A Day in the Life of a Call Center Agent

If you’re in a call center industry, this is your personal lounge.

Turning American

Posted by yojir on November 11, 2007

I just love the 80’s song. Whether it be love songs, rock songs, pop — anything you named it. I was listening to this Turning Japanese song when I said — in my case, it is turning American.

Our client is American. So all of our customers are from the US — well, Chinese Americans, Indian Americans, Arabian Americans — you name it, I’ve already dealt with them for sure.

As I’m slowly adjusting into my new world and just silently observing this new dimension I’ve just entered in my life, I suddenly realized that we are losing our own identity with this kind of job.

As you work in a call center, you are forced [or in a more subtle way “instructed”] to become like your client. If you have been  assigned to an American client – just like me – you need to speak, listen and act like them. As you are taught of their cultures and behaviours, you are also unnoticingly transforming yourself into a different citizen. A simple expression of Ay! [when you dropped something, for example, or was taken aback] becomes Oh! or Oh my gosh!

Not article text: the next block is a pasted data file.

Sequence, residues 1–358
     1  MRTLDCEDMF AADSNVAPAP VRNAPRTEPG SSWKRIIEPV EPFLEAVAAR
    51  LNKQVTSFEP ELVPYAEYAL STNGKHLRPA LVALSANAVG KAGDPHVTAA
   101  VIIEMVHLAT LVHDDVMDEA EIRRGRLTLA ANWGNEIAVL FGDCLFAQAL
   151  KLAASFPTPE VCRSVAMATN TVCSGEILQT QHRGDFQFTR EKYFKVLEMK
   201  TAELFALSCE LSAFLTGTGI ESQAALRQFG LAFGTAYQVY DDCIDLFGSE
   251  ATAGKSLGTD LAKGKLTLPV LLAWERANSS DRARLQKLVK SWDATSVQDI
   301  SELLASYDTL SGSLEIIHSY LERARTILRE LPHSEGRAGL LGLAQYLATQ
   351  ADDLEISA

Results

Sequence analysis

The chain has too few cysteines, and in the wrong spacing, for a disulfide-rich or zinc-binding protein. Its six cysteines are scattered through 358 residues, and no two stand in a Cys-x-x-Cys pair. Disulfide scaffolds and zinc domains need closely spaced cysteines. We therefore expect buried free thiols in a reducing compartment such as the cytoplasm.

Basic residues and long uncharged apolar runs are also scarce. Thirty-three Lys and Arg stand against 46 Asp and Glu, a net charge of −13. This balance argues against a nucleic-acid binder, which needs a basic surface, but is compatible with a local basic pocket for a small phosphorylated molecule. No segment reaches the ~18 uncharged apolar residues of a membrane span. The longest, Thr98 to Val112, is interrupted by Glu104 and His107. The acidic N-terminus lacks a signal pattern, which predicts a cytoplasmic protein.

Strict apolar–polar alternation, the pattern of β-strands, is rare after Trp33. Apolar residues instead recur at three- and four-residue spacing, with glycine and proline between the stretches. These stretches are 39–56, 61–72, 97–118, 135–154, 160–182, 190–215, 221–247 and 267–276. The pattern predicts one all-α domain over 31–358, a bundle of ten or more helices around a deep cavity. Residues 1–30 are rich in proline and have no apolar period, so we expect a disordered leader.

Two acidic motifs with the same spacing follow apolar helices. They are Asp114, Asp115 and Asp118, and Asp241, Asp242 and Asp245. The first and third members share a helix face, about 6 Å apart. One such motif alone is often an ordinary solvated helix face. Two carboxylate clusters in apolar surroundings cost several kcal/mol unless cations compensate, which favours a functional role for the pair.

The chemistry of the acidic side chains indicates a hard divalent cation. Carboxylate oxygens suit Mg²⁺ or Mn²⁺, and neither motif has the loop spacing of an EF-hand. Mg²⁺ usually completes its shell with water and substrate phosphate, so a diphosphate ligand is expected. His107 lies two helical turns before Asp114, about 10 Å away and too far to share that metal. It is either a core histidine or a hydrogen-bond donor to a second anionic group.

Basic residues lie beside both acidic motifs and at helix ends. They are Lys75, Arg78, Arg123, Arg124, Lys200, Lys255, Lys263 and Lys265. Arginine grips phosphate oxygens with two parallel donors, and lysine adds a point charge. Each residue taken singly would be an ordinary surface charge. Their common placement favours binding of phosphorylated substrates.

Your housemates can no longer relate to you at times because even in your house, you are still speaking the language you’ve been using while you are at work.

The programs, music, movies that you like so much watching are becoming different. From OPM to Hollywood music or from Filipino movies to foreign films.

I, even admit, that most of my expressions are also in their language already. But I try to minimize this when I am at the house or with just my non-call center friends.

However, one of the positive side of this is that we are doing ourself a favor. We are becoming flexible, adoptable  to changes and being open-minded to other’s cultures. But don’t let this be a reason to look at where you came from.


One Response to “Turning American”

  1. binny said

    forced is the right word i guess lol. But it’s true. When we are working in this industry, we need to embrace their cultures or if not we wont be effective in our work.

Leave a Reply

Fill in your details below or click an icon to log in:

WordPress.com Logo

You are commenting using your WordPress.com account. Log Out /  Change )

Google photo

You are commenting using your Google account. Log Out /  Change )

Twitter picture

You are commenting using your Twitter account. Log Out /  Change )

Facebook photo

You are commenting using your Facebook account. Log Out /  Change )

Connecting to %s

%d bloggers like this: